which shorts make your legs look sexiest.


--
- Frank Krygowski
  #7  
Old July 30th 17, 06:44 PM posted to rec.bicycles.tech
Ian Field
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Posts: 177
Default Preserving polished aluminum



"John B." wrote in message
...

I've got quite a few aluminum bits and pieces from older bikes that
are pretty shoddy looking with nicks and dents and corrosion. I can
clean them up with a "flap" wheel and then polish then with the
usually buffing wheels and decreasing compound grits until they have a
high polish but once back on a bicycle again they seem to corrode
rather rapidly and in a few months end up looking sort of "splotched"
and dull, which of course is exactly what bare aluminum does in
contact with air.

I've tried a number of schemes to preserve the polish such as heavy
paste wax and even a coat of clear lacquer or in one case thinned
epoxy resin. This wasn't exactly successful as the wax disappears
quickly and the lacquer tends to chip and even the thinned epoxy tends
to flaked off in places.

Shimano seems to coat much of their aluminum bits with some sort of
"silver paint" which obviously isn't just that as it seems to last for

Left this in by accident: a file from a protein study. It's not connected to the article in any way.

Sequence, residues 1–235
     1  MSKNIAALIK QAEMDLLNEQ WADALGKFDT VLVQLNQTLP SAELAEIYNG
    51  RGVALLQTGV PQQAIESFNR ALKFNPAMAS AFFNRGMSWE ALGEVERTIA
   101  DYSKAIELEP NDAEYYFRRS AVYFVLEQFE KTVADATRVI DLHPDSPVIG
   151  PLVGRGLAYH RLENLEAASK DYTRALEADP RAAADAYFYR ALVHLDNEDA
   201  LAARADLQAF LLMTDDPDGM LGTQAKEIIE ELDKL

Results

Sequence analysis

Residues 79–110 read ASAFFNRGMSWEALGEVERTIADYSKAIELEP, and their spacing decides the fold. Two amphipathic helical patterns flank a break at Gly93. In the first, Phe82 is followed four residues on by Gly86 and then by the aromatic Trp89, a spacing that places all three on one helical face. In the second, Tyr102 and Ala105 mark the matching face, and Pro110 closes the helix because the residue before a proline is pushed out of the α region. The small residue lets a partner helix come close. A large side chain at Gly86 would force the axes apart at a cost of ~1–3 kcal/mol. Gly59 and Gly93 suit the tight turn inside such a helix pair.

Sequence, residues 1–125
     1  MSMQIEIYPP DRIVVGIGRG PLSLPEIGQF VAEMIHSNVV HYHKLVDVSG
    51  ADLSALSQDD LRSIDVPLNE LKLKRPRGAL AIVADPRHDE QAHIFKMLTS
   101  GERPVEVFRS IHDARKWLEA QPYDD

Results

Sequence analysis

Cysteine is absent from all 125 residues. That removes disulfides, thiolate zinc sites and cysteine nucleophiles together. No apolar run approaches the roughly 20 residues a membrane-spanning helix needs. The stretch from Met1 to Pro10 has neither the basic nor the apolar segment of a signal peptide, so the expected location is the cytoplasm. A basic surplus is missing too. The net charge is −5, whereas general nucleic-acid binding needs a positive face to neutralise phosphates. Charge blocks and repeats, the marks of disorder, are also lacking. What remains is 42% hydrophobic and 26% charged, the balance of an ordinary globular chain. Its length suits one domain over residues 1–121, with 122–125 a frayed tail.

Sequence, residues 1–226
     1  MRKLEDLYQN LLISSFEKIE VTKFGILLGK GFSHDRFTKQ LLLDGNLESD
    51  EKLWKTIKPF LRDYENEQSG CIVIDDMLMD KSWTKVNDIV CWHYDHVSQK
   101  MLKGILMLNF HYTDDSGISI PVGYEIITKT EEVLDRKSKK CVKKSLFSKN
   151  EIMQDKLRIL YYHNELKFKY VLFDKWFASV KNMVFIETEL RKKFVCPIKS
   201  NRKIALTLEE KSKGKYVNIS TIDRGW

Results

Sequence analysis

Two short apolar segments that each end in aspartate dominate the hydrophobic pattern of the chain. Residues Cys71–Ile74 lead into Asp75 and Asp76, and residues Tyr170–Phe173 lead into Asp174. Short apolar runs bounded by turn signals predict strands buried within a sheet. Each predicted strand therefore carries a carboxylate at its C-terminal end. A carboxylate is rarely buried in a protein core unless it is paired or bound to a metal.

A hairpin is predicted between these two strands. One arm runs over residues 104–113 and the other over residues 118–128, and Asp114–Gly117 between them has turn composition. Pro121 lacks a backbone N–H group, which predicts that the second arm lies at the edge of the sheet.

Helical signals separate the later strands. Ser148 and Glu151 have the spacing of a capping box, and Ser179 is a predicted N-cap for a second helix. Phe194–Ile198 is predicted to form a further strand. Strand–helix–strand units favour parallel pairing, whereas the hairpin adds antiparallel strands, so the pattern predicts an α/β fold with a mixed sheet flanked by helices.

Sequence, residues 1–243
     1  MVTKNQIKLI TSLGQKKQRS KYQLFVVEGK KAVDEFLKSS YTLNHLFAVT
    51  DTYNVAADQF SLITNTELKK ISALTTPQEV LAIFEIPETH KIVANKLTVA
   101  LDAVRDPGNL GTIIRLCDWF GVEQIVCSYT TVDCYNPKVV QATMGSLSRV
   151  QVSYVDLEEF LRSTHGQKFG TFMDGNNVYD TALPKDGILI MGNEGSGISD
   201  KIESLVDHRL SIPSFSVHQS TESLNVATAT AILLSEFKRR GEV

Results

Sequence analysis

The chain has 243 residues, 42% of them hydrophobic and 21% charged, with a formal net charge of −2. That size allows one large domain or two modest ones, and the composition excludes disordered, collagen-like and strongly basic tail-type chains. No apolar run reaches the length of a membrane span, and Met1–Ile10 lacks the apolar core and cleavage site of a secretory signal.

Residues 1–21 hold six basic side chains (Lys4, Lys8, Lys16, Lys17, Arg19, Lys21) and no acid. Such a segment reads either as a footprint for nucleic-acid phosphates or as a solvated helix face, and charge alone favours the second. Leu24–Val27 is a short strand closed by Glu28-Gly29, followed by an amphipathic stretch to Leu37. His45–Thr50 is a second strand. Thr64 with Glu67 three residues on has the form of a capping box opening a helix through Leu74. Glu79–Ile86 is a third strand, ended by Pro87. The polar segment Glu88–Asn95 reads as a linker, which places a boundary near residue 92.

years.

I would prefer the look of highly polished aluminum (without the
corrosion) but that obviously will take considerable and continued
labour the way I am doing it at present.

Does anyone have any suggestions on how, or with what, to coat highly
polished aluminum to, at least, reduce the corrosion to a reasonable
level? Say a once a year polish?


Polished aluminium forms an oxide layer instantly, you need a polish that
leaves a film in place of what it takes off.

Plating is good if you can find a process that doesn't etch the aluminium
away.

A lot of manufactured items have a durable laquer - but I've never found its
equal in any shops.

If you're really serious about it - go for anodizing.

  #8  
Old July 30th 17, 08:17 PM posted to rec.bicycles.tech
Jeff Liebermann
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Posts: 2,467